Jack Daniel’s is cool. Period. Jack Daniel’s is iconic. Period. Jack Daniel’s is a great whiskey. Period.

In a shrinking world, lines are muddled and identities are lost. We must hold onto the few emblems of a disappearing era. Jack Daniel’s is one of those emblems. A true icon of America, and the world as a whole. Jack Daniel’s has achieved something that few brands have ever done. That achievement should be held onto for dear life, and not abandoned for something new, just for the sake of something new.

Finally, I offer you Frank Sinatra; another true icon beloved by the world. Frank Sinatra defined cool. He defined generations. He inspired millions and continues to bring joy to the world, years after he’s been gone. There was a point in his career when his big band sound and crooning voice was being taken over by rock and roll. Record sales were down, huge concerts were a thing of the past and it looked like Frank Sinatra was going to be a memory. Music that your parents listened to.

What did Frank Sinatra do? Did he make a big change? Did he learn the electric guitar and start growing out his hair? Did he introduce to the world the “new” Frank Sinatra? No. He did none of those things. Frank Sinatra did what he did best and kept on doing it. But he expanded the way he did it. He always did movies, but instead of cute singing and dancing roles, he took on some real roles. And for that he won an Oscar. He always did shows, but instead of running around the country he took his act to Vegas. And for that, The Rat Pack was born. Frank Sinatra didn’t change his image, he just figured out a way to expose his image to the world again. And it worked. And what did he stock in his bar at all times? Jack Daniel’s.

In conclusion, I urge you to reconsider the change. Actually, don’t reconsider, just go back to the way things were. You got it right the first time.


Eric “ET” Tecosky
Bar Manager/Jones Hollywood
Owner/Dirty Sue premium olive juice
Proud consumer of Jack Daniel’s



June 30, 2011

Centennial Macchu Pisco Competition Deadline is today, June 30th

By Francine Cohen

Bet you didn’t know that 2011 is the 100th anniversary of the rediscovery of Machu Picchu by American explorer, Hiram Bingham. Us either; until the good folks at Macchu Pisco told us this interesting fact.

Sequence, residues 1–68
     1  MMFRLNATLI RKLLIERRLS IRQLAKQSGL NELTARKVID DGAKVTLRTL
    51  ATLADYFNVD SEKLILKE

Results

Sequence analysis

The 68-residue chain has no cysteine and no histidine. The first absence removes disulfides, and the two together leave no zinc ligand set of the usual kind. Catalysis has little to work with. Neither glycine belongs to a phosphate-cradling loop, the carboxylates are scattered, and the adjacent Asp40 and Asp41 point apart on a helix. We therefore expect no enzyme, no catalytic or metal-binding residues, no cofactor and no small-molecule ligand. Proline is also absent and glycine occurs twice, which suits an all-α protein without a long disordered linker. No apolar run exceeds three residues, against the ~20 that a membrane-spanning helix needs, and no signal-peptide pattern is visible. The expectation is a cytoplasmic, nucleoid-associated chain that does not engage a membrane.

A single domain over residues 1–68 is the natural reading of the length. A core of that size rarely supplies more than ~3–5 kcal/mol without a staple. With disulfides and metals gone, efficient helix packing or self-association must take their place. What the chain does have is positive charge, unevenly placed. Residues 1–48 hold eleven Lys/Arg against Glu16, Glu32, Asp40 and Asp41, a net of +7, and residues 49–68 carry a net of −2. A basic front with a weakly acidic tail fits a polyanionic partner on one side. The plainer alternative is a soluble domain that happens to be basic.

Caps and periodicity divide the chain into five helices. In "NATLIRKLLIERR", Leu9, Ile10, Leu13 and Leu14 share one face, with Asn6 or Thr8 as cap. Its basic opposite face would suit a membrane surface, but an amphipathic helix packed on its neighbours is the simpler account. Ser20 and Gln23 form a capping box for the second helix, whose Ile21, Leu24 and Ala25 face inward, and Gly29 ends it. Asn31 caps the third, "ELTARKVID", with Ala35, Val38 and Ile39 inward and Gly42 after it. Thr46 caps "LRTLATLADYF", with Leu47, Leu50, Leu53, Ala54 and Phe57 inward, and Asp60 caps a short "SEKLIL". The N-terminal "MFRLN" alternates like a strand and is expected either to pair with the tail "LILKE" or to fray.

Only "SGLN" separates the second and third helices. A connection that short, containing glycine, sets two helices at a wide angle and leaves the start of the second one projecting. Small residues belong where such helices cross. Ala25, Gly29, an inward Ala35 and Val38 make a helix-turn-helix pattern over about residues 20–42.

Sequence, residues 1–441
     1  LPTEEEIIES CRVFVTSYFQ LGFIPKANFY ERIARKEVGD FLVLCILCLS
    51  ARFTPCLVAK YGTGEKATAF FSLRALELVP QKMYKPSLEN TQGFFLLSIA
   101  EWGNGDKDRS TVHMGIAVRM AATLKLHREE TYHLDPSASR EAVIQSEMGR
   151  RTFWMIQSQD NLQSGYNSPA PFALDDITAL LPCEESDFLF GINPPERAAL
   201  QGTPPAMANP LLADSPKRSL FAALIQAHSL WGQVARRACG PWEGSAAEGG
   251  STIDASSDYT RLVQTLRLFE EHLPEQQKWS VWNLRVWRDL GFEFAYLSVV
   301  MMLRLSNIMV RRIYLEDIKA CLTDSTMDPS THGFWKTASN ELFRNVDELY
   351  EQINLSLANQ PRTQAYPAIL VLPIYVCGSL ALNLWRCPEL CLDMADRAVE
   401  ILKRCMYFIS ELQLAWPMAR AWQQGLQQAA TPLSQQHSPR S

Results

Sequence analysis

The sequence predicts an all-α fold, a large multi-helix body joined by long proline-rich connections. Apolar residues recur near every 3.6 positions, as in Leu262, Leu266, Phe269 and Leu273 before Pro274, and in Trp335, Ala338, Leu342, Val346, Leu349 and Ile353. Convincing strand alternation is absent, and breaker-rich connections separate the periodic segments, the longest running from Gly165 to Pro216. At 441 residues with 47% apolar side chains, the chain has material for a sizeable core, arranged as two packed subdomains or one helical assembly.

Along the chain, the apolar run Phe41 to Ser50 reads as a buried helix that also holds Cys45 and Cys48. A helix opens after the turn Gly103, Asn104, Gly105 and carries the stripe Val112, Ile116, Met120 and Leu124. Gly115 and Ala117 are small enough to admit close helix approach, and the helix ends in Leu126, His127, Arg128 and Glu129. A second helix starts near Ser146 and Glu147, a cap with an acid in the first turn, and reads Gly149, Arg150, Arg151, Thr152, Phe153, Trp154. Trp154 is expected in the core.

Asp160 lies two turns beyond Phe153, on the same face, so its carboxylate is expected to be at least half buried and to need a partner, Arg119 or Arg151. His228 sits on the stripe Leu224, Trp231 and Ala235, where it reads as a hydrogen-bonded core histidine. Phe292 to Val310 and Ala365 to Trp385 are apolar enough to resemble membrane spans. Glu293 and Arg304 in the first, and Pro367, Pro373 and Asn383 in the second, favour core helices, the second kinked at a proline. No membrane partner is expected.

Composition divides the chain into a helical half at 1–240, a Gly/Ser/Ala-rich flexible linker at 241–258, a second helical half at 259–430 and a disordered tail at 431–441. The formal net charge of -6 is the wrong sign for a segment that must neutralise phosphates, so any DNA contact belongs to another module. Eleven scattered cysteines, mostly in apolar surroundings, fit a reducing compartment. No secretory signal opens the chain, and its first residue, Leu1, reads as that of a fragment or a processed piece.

Even more interesting was learning that Macchu Pisco has partnered with the Peruvian government, Peru’s national airline Avianca Taca, and Orient-Express to create a cocktail competition unlike most others.

More than just a cocktail competition, this spirited adventure celebrates the culinary culture of Peru – from drink to food and their origins. Lizzie Asher, President of Macchu Pisco LLC, comments, “While we toast to one Peruvian treasure being re-discovered by an American, likewise we can say that Peruvian Pisco is being put on the map thanks to bartenders who embody Hiram Bingham’s spirit of adventure.”

After traveling to Boston to judge their local competition this past Monday (a big round of applause to Boston’s winner, Naomi Levy of Eastern Standard Kitchen & Drinks thanks to an invitation from the Macchu Pisco team (including sister Melanie Asher who is the founder of the company and the brand’s master distiller) we know that the spirit of adventure needed for this competition is different than your normal approach.

So, let’s see, how can we explain it to you so fully that you’ll want to enter? Well, this one’s national (yes, we know, so are some others). This one allows every competitor to present their drink and describe it to the judges (yes, yes, we know, other competitions have that element too). This one has prizes for: the best tasting cocktail (uh, huh, we know, same old, same old); most creative/relevant to the topic (hmmmm, getting a little different here, aren’t we?); and takes presentation into consideration (tip – invest in pretty glassware, judges like pretty glassware). The Centennial competition is judged by both Continue Reading…